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Flesh and Blood So Cheap: The Triangle Fire and Its Legacy Hardcover – February 8, 2011

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Editorial Reviews


Starred Review, Publishers Weekly, January 17, 2011:
"Published to coincide with the centennial anniversary of the 1911 fire that erupted in the Triangle Shirtwaist Factory, this powerful chronicle examines the circumstances surrounding the disaster...Marrin's message that protecting human dignity is our shared responsibility is vitally resonant."

Starred Review, Booklist, April 1, 2011:
"Sure to spark discussion, this standout title concludes with source notes and suggested-reading lists that will lead students to further resources for research and debate."

Starred Review, School Library Journal, May 2011:
"The writing is compelling and detailed, and the author effectively manages to bridge the gap between detached expository writing and emotionally charged content...this is a useful and thoughtful addition to any American history collection."

About the Author

ALBERT MARRIN is the author of numerous highly regarded nonfiction books for young readers, including Years of Dust; The Great Adventure: Theodore Roosevelt and the Rise of Modern America; and Sitting Bull and His World. His many honors include the Washington Children's Book Guild and Washington Post Non-Fiction Award for an "outstanding lifetime contribution that has enriched the field of children's literature," the James Madison Book Award for lifetime achievement, and the National Endowment for Humanities Medal.

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Product Details

  • Age Range: 10 and up
  • Grade Level: 5 and up
  • Lexile Measure: 1000L (What's this?)
  • Hardcover: 192 pages
  • Publisher: Knopf Books for Young Readers (February 8, 2011)
  • Language: English
  • ISBN-10: 0375868895
  • ISBN-13: 978-0375868894
  • Product Dimensions: 9.7 x 0.8 x 8.3 inches
  • Shipping Weight: 1.4 pounds (View shipping rates and policies)
  • Average Customer Review: 4.6 out of 5 stars  See all reviews (27 customer reviews)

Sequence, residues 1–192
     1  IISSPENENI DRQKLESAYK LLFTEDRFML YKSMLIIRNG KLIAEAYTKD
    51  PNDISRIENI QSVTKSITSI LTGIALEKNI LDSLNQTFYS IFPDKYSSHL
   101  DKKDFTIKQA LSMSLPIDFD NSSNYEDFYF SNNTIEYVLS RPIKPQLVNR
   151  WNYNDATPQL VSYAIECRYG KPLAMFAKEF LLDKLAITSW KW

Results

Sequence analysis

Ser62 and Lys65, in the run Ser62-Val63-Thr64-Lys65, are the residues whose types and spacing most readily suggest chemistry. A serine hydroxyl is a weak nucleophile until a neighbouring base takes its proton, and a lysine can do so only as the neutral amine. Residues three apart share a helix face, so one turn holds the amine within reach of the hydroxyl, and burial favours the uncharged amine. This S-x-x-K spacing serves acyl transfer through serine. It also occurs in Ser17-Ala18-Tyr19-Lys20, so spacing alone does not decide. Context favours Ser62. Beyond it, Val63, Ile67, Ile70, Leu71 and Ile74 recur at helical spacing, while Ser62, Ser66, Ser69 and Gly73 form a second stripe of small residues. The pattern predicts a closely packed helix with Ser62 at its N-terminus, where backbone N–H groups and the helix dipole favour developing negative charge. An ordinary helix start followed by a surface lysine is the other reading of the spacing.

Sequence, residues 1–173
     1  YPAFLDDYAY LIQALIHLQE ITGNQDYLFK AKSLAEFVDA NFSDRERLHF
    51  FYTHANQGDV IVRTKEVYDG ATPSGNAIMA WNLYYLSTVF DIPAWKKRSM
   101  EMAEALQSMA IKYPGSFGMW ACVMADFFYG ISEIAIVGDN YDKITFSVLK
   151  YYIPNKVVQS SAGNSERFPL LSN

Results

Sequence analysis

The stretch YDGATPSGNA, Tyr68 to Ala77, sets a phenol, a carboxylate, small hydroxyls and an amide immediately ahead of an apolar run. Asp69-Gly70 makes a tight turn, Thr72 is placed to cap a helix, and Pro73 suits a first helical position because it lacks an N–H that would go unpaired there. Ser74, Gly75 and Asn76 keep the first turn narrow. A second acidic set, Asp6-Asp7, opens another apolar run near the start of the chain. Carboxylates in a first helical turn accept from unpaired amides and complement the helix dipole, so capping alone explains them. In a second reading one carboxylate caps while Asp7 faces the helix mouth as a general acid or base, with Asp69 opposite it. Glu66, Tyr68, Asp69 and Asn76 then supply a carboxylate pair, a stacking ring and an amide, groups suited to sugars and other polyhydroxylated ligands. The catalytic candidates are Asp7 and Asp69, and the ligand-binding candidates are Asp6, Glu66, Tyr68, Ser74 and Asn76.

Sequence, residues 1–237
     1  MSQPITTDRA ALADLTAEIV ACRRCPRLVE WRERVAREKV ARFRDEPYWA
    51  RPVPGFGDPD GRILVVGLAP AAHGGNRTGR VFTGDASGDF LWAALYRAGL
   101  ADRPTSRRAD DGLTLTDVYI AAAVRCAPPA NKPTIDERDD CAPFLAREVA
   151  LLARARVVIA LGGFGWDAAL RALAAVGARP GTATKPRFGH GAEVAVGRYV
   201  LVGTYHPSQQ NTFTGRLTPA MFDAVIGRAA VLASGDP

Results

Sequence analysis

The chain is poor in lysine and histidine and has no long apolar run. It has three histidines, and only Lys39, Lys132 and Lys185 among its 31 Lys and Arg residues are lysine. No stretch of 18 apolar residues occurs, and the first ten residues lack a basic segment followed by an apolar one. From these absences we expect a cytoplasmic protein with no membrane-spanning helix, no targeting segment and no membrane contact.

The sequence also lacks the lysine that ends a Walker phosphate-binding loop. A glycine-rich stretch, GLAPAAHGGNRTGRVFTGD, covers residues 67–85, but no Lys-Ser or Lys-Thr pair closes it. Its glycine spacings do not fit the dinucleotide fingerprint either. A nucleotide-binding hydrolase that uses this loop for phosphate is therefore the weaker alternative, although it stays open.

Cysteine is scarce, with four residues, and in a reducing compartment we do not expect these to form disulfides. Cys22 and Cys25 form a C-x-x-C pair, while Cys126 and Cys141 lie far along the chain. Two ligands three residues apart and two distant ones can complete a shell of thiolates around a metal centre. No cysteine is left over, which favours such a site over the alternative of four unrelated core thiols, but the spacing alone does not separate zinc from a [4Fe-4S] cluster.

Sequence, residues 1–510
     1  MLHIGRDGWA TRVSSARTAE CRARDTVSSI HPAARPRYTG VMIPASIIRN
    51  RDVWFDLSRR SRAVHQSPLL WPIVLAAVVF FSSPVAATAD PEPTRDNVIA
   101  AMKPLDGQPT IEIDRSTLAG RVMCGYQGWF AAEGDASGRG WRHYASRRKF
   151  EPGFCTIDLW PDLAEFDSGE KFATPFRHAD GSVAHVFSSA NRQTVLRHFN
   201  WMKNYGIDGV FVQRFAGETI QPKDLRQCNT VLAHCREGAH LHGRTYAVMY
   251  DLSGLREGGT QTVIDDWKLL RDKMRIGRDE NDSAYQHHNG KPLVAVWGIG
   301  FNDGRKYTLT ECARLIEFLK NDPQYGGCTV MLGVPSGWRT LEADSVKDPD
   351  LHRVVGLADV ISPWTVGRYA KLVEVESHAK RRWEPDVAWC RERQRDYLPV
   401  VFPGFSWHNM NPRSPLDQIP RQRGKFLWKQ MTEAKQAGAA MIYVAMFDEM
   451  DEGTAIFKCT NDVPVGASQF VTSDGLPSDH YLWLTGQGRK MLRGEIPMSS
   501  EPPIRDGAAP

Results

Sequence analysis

• Amazon Best Sellers Rank: #607,961 in Books (See Top 100 in Books)

More About the Author

Albert Marrin is an award winning author of over 40 books for young adults and young readers and four books of scholarship. These writings were motivated by the fact that as a teacher, first in a junior high school in New York City for nine years and then as professor of history and chairman of the history department at Yeshiva University until he retired to become a full time writer, his paramount interest has always been to make history come alive and accessible for young people.

Winner of the 2008 National Endowment for Humanities Medal for his work, which was presented at the White House, was given "for opening young minds to the glorious pageant of history. His books have made the lessons of the past come alive with rich detail and energy for a new generation."

Dr. Marrin's numerous other awards include the Washington Post Childrens'Book Guild Lifetime Achievement Award, the James Madison Award for Lifetime Achievement, several Horn Book awards by the Boston Globe, consistently appearing on the best book of the year lists of the American Library Association, frequent recognition by Book Lists, and the Western Heritage Award for best juvenile nonfiction book presented at the National Cowboy Hall of Fame among others.

Customer Reviews

Most Helpful Customer Reviews

23 of 23 people found the following review helpful By M. Tanenbaum VINE VOICE on March 22, 2011
Format: Hardcover
Friday, March 25 is the 100th anniversary of the Triangle Fire, one of the worst industrial disasters in American history. Quite a few books for young people have been published on the topic, both historical fiction and non-fiction. The most recent, just released this spring by award-winning non-fiction writer Albert Marrin, brings the tragic events of that spring afternoon to life by setting the fire in a sweeping historical narrative that encompasses not only the events that led up to the fire, but what happened afterwards.

In a moving preface, Marrin sets the stage for the disaster, describing the beautiful spring day as would have been experienced by Frances Perkins, then a 31-year old social worker (later the first female cabinet member under FDR) who witnessed the disaster first-hand, changing the course of her life forever as she became committed to ensuring that such preventable tragedies would never happen again.

As Marrin points out, the Triangle Fire is part of a much larger story--the story of the greatest mass immigration in history, when millions of impoverished immigrants, mostly Italians and Russian Jews, poured into New York City and elsewhere. More than 3 out of 4 people lived in poverty, and work in factories and elsewhere was often dangerous--with no safety net such as we take for granted today. In some detail, with abundant archival photographs and maps, he discusses the reasons this immigration took place, with extreme poverty and natural disasters (including a devastating tsumani in Sicily) forcing millions of Italians to leave their homeland, while poverty and religious hatred pushed the Jews from Russia's Pale of Settlement.